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Science & Tech
A plethora of scientists have released a set of 40 questions that they believe will help guide collaboration between scientific researchers and policy makers on conservation issues in the U.S.
The compilation of inquiries — published as the cover story in the April issue of the journal Bioscience — was first-authored by researcher Erica Fleishman of UCSB’s Bren School of Environmental Science & Management and UC Davis’s John Muir Institute of the Environment. Along with six colleagues, Fleishman led the project, which collected 375 questions from people involved in the areas of study, management or policy of natural resources and then produced the top 40 list. There were 35 participants and 30 co-authors in the study.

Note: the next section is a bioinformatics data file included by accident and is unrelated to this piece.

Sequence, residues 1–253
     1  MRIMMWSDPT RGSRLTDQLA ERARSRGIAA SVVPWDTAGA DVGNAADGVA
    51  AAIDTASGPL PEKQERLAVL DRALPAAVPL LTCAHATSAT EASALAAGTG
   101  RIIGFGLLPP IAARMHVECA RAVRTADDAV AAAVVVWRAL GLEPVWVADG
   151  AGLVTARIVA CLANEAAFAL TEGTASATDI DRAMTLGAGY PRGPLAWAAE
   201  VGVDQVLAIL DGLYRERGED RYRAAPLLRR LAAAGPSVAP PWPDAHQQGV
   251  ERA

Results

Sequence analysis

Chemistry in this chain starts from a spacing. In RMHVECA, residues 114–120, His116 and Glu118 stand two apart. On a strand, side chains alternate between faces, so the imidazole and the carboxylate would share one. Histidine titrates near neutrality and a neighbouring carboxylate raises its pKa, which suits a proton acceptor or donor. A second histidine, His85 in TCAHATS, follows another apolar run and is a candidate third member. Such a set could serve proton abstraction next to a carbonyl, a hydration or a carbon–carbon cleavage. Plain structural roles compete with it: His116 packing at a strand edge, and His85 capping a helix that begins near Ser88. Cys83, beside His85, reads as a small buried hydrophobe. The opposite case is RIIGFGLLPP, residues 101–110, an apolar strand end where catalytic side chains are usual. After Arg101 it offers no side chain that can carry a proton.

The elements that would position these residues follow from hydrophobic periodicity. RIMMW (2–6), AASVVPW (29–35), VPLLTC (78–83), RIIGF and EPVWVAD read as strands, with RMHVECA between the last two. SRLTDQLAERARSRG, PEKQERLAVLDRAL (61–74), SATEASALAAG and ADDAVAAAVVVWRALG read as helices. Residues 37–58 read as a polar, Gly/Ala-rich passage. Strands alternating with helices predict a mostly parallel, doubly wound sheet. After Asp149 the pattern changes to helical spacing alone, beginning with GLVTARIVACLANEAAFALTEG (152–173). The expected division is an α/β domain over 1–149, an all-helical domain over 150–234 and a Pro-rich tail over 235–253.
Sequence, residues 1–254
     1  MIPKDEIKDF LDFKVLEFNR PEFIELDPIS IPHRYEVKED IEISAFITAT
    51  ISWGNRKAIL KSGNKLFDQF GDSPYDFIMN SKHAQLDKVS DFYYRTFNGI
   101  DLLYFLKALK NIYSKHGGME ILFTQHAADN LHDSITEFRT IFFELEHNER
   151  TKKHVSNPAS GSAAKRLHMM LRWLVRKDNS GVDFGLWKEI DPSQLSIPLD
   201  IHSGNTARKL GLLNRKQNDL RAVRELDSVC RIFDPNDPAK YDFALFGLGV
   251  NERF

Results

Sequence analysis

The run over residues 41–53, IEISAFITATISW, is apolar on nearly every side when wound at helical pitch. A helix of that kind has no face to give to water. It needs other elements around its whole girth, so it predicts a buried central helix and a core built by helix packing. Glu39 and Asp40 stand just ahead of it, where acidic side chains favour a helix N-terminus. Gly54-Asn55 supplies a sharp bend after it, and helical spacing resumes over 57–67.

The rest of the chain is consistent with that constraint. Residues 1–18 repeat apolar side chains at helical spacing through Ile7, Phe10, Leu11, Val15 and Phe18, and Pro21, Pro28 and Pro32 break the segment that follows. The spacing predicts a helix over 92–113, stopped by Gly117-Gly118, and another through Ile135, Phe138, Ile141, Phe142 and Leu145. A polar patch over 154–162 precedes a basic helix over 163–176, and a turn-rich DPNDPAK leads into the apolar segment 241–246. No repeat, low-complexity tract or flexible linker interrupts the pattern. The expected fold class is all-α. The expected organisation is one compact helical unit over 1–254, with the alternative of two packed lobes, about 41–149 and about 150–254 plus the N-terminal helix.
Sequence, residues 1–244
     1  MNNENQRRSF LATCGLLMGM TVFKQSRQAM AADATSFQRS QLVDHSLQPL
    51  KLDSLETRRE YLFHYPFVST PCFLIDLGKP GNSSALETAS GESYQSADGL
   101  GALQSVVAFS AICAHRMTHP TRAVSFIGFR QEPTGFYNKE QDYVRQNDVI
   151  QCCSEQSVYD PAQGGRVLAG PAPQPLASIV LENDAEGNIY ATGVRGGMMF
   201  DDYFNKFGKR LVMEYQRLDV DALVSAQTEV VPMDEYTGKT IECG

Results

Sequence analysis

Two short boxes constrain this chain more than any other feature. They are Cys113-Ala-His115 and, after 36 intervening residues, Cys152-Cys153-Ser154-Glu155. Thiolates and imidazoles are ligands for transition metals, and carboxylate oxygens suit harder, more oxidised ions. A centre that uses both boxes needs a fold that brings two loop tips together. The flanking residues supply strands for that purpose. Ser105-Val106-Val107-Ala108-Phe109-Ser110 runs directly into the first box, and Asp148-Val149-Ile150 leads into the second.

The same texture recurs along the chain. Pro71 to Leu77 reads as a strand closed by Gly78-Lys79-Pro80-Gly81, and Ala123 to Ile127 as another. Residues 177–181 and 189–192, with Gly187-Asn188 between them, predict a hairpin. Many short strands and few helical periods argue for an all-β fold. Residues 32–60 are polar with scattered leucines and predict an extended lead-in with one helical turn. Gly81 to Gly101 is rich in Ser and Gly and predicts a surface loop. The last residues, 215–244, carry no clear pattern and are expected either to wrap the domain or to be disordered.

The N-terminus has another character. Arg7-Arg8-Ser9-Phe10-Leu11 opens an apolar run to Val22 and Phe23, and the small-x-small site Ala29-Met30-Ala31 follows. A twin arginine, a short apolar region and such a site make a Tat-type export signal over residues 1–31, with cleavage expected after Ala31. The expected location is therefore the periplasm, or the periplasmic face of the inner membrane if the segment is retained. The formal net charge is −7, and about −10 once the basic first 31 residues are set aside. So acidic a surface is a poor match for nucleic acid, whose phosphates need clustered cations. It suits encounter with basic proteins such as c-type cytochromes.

The purpose of the study was to provide researchers with topics of interest to those who work in natural resource management and policy, according to Fleishman.
“We created a mechanism where decision-makers said to scientists, ‘This is what we need to address society’s priorities for natural resources,’” Fleishman said in a press release.
According the Fleishman, the questions presented by the individuals seek to balance socioeconomic issues with ecological ones.
“The questions focus on assessing trade-offs among economic, social and ecological issues,” Fleishman said in a press release.
The study was funded by the Kresge Foundation. Fleishman led the project with colleagues David Blockstein from the National Council for Science and the Environment in Washington, D.C., John Hall from the U.S. Dept. of Defense, Michael Mascia from the World Wildlife Fund, Murray Rudd from the University of York, J. Michael Scott from the U.S. Geological Survey and William Sutherland from the University of Cambridge.